Successful league nations reaching its aims 1920 29

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Successful league nations reaching its aims 1920 29

See Article History Alternative Titles: The term Palestine has been associated variously and sometimes controversially with this small region, which some have asserted also includes Jordan.

Both the Successful league nations reaching its aims 1920 29 area designated by the name and the political status of it have changed over the course of some three millennia.

The region or at least a part of it is also known as the Holy Land and is held sacred among JewsChristiansand Muslims. Since the 20th century it has been the object of conflicting claims of Jewish and Arab national movements, and the conflict has led to prolonged violence and, in several instances, open warfare.

Successful league nations reaching its aims 1920 29

The word Palestine derives from Philistia, the name given by Greek writers to the land of the Philistineswho in the 12th century bce occupied a small pocket of land on the southern coast, between modern Tel Aviv—Yafo and Gaza. After Roman times the name had no official status until after World War I and the end of rule by the Ottoman Empirewhen it was adopted for one of the regions mandated to Great Britain; in addition to an area roughly comprising present-day Israel and the West Bank, the mandate included the territory east of the Jordan River now constituting the Hashimite Kingdom of Jordan, which Britain placed under an administration separate from that of Palestine immediately after receiving the mandate for the territory.

The name Palestine has long been in popular use as a general term to denote a traditional region, but this usage does not imply precise boundaries. In contemporary understanding, however, Palestine is generally defined as a region bounded on the east by the Jordan River, on the north by the border between modern Israel and Lebanon, on the west by the Mediterranean Sea including the coast of Gazaand on the south by the Negevwith its southernmost extension reaching the Gulf of Aqaba.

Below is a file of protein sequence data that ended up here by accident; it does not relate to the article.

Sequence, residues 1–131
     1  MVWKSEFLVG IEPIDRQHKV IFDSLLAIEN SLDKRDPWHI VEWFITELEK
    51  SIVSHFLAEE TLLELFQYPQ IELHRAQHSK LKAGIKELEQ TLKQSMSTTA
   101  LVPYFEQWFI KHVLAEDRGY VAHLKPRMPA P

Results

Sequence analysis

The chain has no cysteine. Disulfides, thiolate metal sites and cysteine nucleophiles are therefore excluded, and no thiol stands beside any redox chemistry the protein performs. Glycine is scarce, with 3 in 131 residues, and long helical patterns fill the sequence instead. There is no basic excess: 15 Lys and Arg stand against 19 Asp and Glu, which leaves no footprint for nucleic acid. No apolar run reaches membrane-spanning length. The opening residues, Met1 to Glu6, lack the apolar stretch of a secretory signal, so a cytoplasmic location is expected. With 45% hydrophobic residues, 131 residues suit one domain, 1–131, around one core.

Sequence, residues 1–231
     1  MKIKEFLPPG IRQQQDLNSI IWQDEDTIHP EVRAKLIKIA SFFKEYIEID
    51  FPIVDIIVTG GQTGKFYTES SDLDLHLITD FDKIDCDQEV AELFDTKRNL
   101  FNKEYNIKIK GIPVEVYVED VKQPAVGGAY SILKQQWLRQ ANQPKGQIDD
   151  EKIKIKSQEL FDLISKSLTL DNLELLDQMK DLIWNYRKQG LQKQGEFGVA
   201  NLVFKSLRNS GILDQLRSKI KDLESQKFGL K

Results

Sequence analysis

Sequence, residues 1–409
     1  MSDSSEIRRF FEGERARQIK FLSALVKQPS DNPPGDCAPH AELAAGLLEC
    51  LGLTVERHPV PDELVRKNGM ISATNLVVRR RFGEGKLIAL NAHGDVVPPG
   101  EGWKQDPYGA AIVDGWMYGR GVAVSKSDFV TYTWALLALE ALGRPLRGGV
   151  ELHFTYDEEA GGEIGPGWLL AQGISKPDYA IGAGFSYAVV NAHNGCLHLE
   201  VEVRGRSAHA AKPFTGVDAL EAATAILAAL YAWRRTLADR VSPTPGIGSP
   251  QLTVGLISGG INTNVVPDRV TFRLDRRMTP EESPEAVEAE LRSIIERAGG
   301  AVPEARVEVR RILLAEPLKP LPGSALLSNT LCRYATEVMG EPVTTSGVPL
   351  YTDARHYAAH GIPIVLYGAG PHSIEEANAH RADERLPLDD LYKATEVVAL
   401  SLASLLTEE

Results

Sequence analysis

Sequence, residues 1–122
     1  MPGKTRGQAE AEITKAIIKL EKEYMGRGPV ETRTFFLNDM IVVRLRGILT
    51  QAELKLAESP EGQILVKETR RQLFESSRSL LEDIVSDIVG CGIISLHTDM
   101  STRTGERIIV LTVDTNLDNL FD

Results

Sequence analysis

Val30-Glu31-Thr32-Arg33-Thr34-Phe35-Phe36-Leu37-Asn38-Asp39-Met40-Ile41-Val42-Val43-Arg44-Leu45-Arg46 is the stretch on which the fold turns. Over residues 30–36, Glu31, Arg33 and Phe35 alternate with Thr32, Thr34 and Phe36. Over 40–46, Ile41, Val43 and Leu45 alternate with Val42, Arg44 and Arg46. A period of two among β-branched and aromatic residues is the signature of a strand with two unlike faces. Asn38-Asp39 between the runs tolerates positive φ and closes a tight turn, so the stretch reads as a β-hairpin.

The strategic importance of the area is immense: Settlement depends closely on water, which is almost never abundant. Precipitation, which arrives in the cool half of the year, decreases in amount in general from north to south and from the coast inland.

Perennial rivers are few, and the shortage of water is aggravated by the porous nature of the limestone rocks over much of the country. For further reading on the political units most closely associated with Palestine, see the articles EgyptIsraelJordanand Lebanon.

Land Coastal lowlands of varying widths front the Mediterranean. Farther southward the lowland opens out rapidly into the Plain of Sharonabout 8 miles 13 km wide and extending south to the latitude of Tel Aviv—Yafo. Once covered with marshes, the Sharon plain was reclaimed in the post-Exilic and Hellenistic period and is now a settled area.

Fields and fruit groves are laid out between scattered sandstone ridges, on which villages have grown up.

South of the spur of low hills that approaches the coast at about Yafo Jaffathe plain widens into a fertile region known in biblical times as Philistia, a district of orange groves, irrigated orchards, and fields of grain.

Covered with rich basaltic soils washed down from the Galilean hills, Esdraelon is important both for its fertility and for the great highway it opens from the Mediterranean to the lands across the Jordan. The hill country of Galilee is better-watered and more thickly wooded than that of Samaria or Judaea.